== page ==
How Much Would "Excalibur" from Wayne's World be Worth On Today's Vintage Market?

This year marks the 25th anniversary of the release of Wayne's World, everyone's favorite film about a public access cable show set in suburban Illinois.

As you may recall, Wayne's World is chock full of quotable lines and moments, with plenty of relatable scenes from a slacker lifestyle, cruising to Bohemian Rhapsody or wasting hours in a donut shop.

For guitarists, though, Wayne's most relatable experience comes as he painfully longs for a classic vintage guitar that will forever be just out of his reach. Who hasn't been there?

Here's a quick montage of the relevant scenes from the movie as a refresher:

As Cassandra summarizes in the film, the guitar in question is a "'64 Fender Stratocaster in classic white, with triple single-coil pickups and a whammy bar."

Wayne astutely adds that the guitar's year would make it pre-CBS. For those who aren't vintage guitar nerds, this refers to a period of time before Fender was purchased by the CBS corporation, which lowered quality control and rendered guitars made after 1965 far less desirable to collectors.

Cassandra's observation that the Strat has three single-coils and a whammy bar isn't especially noteworthy, as almost all Strats from that year would have those exact specs. Fender did produce some non-tremolo (aka Hard Tail) Strats in the '50s and '60s, though they aren't very common or coveted, and no Strats would appear with pickups other than single-coils until sometime after that.

Fender Stratocaster Olympic White 1964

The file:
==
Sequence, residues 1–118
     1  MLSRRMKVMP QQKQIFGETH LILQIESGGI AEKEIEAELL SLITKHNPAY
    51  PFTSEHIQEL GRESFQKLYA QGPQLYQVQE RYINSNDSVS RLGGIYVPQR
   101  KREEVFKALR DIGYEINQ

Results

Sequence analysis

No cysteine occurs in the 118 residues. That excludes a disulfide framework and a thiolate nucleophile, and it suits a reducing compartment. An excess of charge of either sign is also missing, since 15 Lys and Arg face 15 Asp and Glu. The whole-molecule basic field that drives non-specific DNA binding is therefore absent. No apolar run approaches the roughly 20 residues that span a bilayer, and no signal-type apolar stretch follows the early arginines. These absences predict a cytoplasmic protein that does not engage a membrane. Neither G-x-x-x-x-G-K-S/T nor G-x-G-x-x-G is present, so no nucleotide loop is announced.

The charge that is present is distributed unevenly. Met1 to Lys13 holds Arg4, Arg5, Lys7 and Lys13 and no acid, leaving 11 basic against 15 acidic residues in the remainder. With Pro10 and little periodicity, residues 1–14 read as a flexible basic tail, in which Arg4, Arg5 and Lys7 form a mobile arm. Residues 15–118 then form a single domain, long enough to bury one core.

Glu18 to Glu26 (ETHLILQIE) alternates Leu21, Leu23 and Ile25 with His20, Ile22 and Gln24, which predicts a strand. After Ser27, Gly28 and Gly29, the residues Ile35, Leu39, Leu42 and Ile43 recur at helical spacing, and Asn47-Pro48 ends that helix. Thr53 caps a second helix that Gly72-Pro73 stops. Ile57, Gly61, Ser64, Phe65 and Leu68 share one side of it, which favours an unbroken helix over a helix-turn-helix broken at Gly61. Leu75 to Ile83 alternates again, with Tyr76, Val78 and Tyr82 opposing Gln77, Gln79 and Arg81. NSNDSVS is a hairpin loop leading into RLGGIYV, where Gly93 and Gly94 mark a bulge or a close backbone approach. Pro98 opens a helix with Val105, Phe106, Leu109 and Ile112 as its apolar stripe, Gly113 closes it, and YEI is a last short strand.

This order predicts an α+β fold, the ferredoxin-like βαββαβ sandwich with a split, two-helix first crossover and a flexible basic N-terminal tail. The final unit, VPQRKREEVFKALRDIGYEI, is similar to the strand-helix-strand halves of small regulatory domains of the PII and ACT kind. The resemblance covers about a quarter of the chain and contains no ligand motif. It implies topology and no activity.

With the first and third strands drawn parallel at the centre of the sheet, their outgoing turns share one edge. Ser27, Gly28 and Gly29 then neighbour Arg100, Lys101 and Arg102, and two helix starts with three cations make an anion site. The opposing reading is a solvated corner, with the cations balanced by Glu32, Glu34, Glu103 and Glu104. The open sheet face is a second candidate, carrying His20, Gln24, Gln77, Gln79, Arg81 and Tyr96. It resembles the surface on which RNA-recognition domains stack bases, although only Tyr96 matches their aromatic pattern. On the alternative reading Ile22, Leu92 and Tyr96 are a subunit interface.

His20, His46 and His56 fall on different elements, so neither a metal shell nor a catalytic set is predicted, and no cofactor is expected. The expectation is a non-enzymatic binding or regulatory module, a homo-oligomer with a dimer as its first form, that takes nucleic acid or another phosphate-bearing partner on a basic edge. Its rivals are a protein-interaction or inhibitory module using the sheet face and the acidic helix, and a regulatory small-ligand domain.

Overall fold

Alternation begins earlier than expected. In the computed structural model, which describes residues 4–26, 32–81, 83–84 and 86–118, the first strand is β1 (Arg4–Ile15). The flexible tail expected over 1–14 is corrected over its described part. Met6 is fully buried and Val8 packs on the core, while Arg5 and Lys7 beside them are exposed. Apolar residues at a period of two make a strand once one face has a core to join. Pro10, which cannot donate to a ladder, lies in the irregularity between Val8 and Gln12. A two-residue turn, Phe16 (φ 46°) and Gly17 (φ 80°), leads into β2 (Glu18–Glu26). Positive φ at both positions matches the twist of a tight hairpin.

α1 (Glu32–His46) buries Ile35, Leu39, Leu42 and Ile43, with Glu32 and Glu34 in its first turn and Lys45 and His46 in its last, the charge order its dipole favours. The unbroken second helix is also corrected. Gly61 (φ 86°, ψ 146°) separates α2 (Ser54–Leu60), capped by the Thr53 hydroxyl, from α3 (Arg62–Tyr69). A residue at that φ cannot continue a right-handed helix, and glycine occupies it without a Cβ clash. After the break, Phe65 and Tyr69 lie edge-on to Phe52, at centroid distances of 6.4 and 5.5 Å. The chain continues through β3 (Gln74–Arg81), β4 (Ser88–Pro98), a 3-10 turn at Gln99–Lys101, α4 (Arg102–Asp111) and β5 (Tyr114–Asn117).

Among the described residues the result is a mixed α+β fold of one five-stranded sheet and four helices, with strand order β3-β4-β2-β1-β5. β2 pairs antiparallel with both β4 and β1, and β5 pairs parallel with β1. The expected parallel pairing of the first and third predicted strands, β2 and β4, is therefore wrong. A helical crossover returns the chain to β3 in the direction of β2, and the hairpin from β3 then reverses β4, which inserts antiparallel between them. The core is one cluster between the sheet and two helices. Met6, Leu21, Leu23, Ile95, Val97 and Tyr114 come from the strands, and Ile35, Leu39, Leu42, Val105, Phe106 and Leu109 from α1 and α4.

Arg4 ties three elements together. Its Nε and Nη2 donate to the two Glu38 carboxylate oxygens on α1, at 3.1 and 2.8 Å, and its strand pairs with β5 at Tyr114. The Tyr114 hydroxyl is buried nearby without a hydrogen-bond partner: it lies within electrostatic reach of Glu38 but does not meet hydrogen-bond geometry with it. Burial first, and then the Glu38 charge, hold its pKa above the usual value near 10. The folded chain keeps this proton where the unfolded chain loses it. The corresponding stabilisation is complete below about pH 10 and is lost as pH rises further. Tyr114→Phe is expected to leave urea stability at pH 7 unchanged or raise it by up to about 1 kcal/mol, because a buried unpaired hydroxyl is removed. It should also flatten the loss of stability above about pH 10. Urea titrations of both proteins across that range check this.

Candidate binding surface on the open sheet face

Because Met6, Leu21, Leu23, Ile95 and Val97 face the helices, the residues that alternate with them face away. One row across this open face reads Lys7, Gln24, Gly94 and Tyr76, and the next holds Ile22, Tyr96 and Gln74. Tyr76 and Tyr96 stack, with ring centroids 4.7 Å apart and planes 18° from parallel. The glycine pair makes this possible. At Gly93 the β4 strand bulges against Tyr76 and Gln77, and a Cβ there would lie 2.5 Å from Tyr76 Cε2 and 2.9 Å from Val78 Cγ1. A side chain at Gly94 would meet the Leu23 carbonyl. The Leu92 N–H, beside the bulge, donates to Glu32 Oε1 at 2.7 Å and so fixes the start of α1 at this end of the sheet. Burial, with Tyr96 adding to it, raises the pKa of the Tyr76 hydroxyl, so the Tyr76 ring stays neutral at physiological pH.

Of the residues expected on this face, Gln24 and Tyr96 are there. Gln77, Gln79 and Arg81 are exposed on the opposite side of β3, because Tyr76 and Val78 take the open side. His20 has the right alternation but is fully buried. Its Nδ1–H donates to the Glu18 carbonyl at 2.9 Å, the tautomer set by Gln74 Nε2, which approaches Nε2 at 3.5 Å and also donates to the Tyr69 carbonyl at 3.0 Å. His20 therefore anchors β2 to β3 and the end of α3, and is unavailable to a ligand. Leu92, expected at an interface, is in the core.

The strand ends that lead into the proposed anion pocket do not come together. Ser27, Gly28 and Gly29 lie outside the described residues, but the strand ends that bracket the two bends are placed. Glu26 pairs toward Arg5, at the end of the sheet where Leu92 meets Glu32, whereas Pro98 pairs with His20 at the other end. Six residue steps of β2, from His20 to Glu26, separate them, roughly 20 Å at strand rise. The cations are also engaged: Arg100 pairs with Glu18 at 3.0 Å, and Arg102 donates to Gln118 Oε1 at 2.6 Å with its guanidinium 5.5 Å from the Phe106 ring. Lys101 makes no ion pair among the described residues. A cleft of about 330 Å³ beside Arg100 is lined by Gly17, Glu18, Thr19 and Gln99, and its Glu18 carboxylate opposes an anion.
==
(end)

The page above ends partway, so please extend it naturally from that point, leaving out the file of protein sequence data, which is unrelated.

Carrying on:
The crucial detail for our purposes is the finish. Cassandra describes the guitar as "classic white," though the official name of the finish from this period would be "olympic white"—which was only available from Fender via special order—making it a much rarer guitar than a standard sunburst Strat of the same year.

As for pricing, values on vintage Strats have cooled off a bit since the peak of the market around 2007. Today, based on recent Reverb sales data, an original, excellent-condition, 1964 olympic white Stratocaster would likely sell in the $16,000 to $22,000 range. Ten years ago, when Strats were a little more en vogue with collectors, it could have gone for upwards of $30,000 or more.

Now in the movie, there's no telling how much Wayne had to pay for the guitar, based on the random fistfuls of cash he holds up to the clerk at the “Stairway”-banning guitar store. But since he's pretty much broke at the beginning of the film and the signing check he gets is for $5,000, we can assume he paid less than that, and thus made a pretty good investment out of what was supposed to be his indulgent splurge. So you know, Party Time, Excellent.


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